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Here Mr. Sumner was arrested by the Vice-President announcing that the hour fixed for a recess had arrived. The consideration of the bill was never resumed, and it expired with the session. Had opportunity occurred, Mr. Sumner would have continued:


I have already said that Chief Justice Taney, in pronouncing that fatal judgment, falsified history. Judicial error is aggravated by such a falsification; and here the evidence is complete. His statement is precise, that for more than a century before the Declaration of Independence and the adoption of our Constitution people of the African race had "been regarded as beings of an inferior order, and altogether unfit to associate with the white race, either in social or political relations"; and this unhappy asseveration culminates in the words, "and so far inferior that they had no rights which the white man was bound to respect, and that the negro might justly and lawfully be reduced to slavery for his benefit." And he adds: “This opinion was at that time fixed and universal in the civilized portion of the white race. It was regarded as an axiom in morals, as well as in politics, which no one thought of disputing or supposed to be open to dispute." This is plain, though failing in the precision which belongs to the bench. But how untrue! All this naturally ends in shutting out the unhappy African from citizenship, involving the right to sue in the courts of the United States.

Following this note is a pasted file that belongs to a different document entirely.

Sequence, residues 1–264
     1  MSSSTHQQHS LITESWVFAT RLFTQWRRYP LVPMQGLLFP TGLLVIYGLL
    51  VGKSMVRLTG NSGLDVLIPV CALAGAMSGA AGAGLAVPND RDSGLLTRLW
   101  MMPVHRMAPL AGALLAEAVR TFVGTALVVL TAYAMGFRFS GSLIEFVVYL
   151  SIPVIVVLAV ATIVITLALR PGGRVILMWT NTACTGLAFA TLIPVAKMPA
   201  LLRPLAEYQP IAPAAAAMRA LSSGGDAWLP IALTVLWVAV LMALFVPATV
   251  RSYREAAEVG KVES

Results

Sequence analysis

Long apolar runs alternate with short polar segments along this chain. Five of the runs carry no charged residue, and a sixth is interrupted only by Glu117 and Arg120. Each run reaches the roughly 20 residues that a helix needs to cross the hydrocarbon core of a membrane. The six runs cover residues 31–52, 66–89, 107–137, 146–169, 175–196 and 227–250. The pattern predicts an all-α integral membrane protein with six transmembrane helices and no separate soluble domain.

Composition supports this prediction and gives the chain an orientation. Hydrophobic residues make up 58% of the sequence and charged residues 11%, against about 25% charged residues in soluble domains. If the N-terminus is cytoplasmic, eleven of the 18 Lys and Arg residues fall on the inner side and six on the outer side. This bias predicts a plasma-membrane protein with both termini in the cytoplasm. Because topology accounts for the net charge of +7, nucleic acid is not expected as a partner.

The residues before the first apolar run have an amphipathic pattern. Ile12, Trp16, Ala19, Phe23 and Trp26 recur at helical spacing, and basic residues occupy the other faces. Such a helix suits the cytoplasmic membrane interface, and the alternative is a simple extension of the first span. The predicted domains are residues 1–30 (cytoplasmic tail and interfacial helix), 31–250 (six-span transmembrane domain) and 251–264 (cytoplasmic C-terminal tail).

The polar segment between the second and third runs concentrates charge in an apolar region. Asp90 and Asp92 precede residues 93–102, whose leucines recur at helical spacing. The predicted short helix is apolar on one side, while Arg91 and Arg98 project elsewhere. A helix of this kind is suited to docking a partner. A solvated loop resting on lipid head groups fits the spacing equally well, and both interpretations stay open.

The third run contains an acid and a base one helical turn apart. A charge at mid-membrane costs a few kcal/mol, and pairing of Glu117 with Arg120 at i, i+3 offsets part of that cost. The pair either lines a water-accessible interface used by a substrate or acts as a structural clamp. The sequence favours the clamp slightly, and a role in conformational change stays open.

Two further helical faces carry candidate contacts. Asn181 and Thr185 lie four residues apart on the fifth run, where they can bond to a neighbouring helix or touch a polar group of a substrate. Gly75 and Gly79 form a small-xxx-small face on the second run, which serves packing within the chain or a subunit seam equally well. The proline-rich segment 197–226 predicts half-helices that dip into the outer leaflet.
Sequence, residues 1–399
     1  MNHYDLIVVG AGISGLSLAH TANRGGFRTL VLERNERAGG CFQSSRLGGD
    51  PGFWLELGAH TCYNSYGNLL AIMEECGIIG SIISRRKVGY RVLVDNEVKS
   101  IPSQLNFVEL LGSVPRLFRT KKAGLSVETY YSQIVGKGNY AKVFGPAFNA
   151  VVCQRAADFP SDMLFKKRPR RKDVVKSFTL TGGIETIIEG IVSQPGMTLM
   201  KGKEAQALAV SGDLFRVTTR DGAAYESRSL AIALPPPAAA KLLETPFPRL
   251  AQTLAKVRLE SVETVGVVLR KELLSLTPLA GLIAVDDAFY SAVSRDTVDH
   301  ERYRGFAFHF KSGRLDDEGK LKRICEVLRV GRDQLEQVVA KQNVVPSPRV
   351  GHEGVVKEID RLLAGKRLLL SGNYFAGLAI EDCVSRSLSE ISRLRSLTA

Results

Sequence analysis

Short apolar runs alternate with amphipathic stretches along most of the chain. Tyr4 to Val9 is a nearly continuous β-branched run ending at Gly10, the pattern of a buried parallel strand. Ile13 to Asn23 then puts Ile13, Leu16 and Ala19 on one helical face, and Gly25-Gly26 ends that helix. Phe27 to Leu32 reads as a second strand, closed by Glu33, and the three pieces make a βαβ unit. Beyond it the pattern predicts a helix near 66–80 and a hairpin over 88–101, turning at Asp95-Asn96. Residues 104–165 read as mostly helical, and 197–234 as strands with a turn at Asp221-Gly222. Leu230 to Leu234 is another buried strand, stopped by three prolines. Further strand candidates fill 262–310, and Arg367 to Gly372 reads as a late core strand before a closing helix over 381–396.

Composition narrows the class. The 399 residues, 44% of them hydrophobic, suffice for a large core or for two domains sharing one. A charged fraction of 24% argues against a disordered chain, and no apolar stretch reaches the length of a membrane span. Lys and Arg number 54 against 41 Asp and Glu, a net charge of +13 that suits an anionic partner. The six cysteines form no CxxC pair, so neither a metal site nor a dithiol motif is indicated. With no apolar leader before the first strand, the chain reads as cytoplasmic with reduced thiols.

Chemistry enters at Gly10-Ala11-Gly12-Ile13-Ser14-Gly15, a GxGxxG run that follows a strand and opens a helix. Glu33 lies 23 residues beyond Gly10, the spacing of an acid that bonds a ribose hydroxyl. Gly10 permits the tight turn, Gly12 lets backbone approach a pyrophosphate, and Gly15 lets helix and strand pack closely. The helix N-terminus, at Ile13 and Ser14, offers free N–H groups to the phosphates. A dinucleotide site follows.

Unhappily, at that time Slavery prevailed extensively; but it had already received many blows, while the rights of the African were asserted not only by individuals, but by communities. Nay, more, from the beginning, the axiom of the Chief Justice, which, according to him, no one supposed open to dispute, had been assailed. Great authorities, great names, together with legislative and judicial bodies, stood forth against it.

There is Massachusetts, my own honored Commonwealth. From the earliest days of her history Slavery

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found little favor with her Legislature or her people. As early as 1645 the Legislature sent back two negroes brought from Guinea in a Boston ship, and the next year repeated its testimony against "the heinous and crying sin of man-stealing." In the same spirit, John Eliot, the apostle to the Indians, presented a memorial to the Governor and Council against selling captured Indians into slavery, saying, "To sell souls for money seemeth to me a dangerous merchandise."2 In 1701, Boston desired her Representatives in the General Court "to promote the encouraging the bringing of white servants, and to put a period to negroes being slaves."3 At the same time Chief Justice Sewall, of a family constant in warfare with Slavery, published a tract entitled "The Selling of Joseph a Memorial," where he maintained that "originally and naturally there is no such thing as Slavery," and that "these Ethiopians, as black as they are, seeing they are the sons and daughters of the first Adam, the brethren and sisters of the last Adam, and the offspring of God, they ought to be treated with a respect agreeable."4 In this spirit, the judicature of Massachusetts, in 1770, made haste against Slavery, by declaring the principle of Emancipation, according to one authority, two years before the famous Somerset case in England.5 This was followed, in 1780, by the Declaration of Rights, announcing that "all men are born free and equal," which the same judicature interpreted as abolishing

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1 Records of the Governor and Company of the Massachusetts Bay, Vol. III. pp. 49, 84.

2 Records of the Colony of New Plymouth, Vol. X. p. 452, Appendix.

3 Coll. Mass. Hist. Soc., 2d Ser. Vol. VIII. p. 184.

4 Historical Magazine, June, 1864, Vol. VIII. pp. 195, 197: first printed Boston, 1700.

5 Washburn, Judicial History of Massachusetts, p. 202.